Deanne Buckman, Policy Intern

I think it is safe to say that, to some degree, all Americans utilize the invaluable resource that is the forest. Forests impact many aspects of life including filtering the water we drink, absorbing carbon emissions that would otherwise contribute to global warming, and providing space for a variety of other recreational and economic activities. However, the more we take from the forest, the more we must give back.

CFLR Project Map
The Forest Service has released a five-year report detailing the successes and challenges from its CFLR program, which is operating projects at 23 sites across the country.

Luckily in 2009, Congress established the Collaborative Forest Landscape Restoration (CFLR) program to foster relationships between the different groups that utilize the forest’s resources so those stakeholders can come together to restore forest ecosystems. Specifically, the program aims to create jobs, produce reliable wood supply, ensure forest health and reduce risk of devastating wildfires. Since the program’s creation, 23 projects have been selected by the U.S. Department of Agriculture.

Now that half of the program’s life has passed, the Forest Service released a five-year report that outlines the program’s accomplishments and the challenges that it faces.

According the report, the program is on track to meet stated goals where it has not already done so. Since 2010 when the first 10 projects began, the program has restored more than 67,000 acres of forest vegetation, treated over 1.45 million acres to reduce the risk of invasive species, and improved more than 1.33 million acres of wildlife habitat.

In the report the Forest Service laid out five indicators of the individual projects’ success:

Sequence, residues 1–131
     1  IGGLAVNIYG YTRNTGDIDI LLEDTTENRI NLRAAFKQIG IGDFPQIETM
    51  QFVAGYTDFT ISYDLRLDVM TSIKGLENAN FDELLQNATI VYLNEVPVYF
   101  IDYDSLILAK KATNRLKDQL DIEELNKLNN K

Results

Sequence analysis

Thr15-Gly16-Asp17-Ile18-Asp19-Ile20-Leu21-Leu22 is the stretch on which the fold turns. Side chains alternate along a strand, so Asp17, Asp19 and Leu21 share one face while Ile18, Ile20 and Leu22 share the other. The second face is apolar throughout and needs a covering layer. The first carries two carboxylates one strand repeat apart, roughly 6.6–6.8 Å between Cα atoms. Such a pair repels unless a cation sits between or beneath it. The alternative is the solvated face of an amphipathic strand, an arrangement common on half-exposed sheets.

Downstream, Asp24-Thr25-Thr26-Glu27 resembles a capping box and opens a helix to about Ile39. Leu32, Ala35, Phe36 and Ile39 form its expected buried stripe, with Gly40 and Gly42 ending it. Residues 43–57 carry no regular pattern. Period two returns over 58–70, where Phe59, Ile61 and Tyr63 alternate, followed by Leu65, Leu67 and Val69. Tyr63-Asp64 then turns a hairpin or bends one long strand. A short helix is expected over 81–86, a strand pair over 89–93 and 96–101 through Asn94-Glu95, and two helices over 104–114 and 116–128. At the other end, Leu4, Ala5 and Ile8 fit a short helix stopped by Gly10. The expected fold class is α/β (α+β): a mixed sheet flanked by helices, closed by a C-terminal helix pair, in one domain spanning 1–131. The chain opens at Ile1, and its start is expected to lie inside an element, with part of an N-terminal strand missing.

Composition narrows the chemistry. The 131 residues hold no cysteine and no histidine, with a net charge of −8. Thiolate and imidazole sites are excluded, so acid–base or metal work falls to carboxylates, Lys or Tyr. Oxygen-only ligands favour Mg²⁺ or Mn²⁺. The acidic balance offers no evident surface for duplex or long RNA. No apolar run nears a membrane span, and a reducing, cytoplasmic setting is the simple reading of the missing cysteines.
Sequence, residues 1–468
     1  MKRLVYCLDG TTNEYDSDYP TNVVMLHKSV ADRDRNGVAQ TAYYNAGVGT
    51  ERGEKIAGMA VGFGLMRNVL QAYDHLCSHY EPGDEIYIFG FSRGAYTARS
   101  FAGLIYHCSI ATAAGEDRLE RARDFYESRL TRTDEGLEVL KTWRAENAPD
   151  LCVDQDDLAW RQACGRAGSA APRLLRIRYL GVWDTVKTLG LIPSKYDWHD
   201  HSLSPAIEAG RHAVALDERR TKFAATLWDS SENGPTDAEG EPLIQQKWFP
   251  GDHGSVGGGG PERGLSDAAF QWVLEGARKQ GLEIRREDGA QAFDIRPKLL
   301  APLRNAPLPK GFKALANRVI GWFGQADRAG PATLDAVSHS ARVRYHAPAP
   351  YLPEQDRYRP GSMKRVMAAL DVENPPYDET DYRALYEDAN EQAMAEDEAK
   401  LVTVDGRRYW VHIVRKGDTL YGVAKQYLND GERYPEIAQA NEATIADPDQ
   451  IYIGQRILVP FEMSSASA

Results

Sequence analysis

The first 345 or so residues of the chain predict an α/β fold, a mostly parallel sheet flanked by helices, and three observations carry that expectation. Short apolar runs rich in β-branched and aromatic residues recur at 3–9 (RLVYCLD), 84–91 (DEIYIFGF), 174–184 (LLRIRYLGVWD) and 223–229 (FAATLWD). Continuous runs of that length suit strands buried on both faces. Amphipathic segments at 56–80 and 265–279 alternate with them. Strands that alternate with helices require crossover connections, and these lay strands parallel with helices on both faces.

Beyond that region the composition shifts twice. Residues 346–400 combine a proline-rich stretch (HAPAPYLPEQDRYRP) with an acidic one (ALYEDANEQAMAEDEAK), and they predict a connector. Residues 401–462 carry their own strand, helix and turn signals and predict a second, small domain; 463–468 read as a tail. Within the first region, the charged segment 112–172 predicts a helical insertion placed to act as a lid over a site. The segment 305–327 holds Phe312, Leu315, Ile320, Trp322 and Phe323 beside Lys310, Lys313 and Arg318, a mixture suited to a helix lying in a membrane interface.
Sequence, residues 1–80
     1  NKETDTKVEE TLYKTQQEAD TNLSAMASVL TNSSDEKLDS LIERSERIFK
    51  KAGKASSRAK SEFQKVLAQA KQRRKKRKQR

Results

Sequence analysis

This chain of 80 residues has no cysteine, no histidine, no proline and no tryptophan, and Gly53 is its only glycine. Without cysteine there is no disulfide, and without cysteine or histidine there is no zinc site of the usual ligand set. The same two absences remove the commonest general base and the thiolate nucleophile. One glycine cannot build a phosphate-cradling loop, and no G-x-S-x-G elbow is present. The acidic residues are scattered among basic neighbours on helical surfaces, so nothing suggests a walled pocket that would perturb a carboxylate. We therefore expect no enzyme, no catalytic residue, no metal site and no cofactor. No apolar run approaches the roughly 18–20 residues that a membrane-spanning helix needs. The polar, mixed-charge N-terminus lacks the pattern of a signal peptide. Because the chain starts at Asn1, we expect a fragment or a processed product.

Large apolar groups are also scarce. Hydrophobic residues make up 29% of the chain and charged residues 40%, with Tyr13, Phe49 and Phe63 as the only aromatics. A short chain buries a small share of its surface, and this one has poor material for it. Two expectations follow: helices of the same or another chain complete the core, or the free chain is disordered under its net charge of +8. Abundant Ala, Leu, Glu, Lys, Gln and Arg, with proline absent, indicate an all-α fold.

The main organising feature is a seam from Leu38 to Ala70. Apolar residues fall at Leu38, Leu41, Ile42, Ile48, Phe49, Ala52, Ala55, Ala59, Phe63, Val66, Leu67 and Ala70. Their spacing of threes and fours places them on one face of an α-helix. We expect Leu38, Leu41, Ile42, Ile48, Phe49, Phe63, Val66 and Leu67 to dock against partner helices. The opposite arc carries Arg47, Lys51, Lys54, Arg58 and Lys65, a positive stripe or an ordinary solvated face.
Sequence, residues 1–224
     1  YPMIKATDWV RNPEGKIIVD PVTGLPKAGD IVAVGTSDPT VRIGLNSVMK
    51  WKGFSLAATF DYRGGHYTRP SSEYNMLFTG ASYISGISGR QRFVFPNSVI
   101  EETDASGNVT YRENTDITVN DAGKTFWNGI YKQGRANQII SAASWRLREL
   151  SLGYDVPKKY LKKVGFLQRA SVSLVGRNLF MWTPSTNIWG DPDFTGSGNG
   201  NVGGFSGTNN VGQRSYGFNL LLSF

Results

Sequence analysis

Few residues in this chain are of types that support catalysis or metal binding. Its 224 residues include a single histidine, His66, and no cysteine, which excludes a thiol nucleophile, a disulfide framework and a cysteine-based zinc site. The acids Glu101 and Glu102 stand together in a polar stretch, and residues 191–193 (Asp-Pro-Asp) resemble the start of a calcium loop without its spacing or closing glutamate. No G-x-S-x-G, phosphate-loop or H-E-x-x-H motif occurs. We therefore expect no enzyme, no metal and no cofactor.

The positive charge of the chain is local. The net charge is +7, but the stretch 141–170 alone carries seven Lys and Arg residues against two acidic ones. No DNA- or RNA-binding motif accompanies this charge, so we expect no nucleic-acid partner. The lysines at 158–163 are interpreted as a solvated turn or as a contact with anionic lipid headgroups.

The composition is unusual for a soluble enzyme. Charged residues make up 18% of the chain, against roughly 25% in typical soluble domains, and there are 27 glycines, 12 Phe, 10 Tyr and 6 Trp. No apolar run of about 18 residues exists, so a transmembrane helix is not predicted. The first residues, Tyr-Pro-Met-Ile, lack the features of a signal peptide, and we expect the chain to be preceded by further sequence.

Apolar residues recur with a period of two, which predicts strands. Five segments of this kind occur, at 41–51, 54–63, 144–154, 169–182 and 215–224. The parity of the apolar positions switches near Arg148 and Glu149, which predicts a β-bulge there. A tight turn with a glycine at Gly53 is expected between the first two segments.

• Economic Impacts
    • Collectively, the program has created or maintained approximately 4,360 jobs each year and produced more than $661 million in local income.
  • Fire Risk and Costs
    • In the past five years, the projects have treated more than 1.45 million acres of hazardous fuels. These treatments are intended to reduce the size, likelihood and severity of wildfires.
  • Ecological Condition
    • Forest conditions have been maintained through mechanical thinning and prescribed burning.
  • Collaboration
    • Partnerships have continued to grow and form between Federal and State agencies, nongovernmental organizations, forest-related companies, and private citizens who work together to manage wildlife habitat and forest health. For example, collaboratives have worked together to manage invasive species such as the emerald ash borer and have also come together to improve the areas surrounding watersheds, from which the water benefits a total of approximately 124 million people.
  • Leveraged Funds
    • Since 2010, CFLR projects have received more than $76.1 million in partner match and leveraged more than $145 million to help achieve project goals.

As a member of the CFLR Steering Committee, American Forests looks forward to seeing what the next five years has in store for the projects under the program.

For more information on the Collaborative Forest Landscape Restoration program, read a past article in American Forests Magazine, or visit the Forest Service’s website.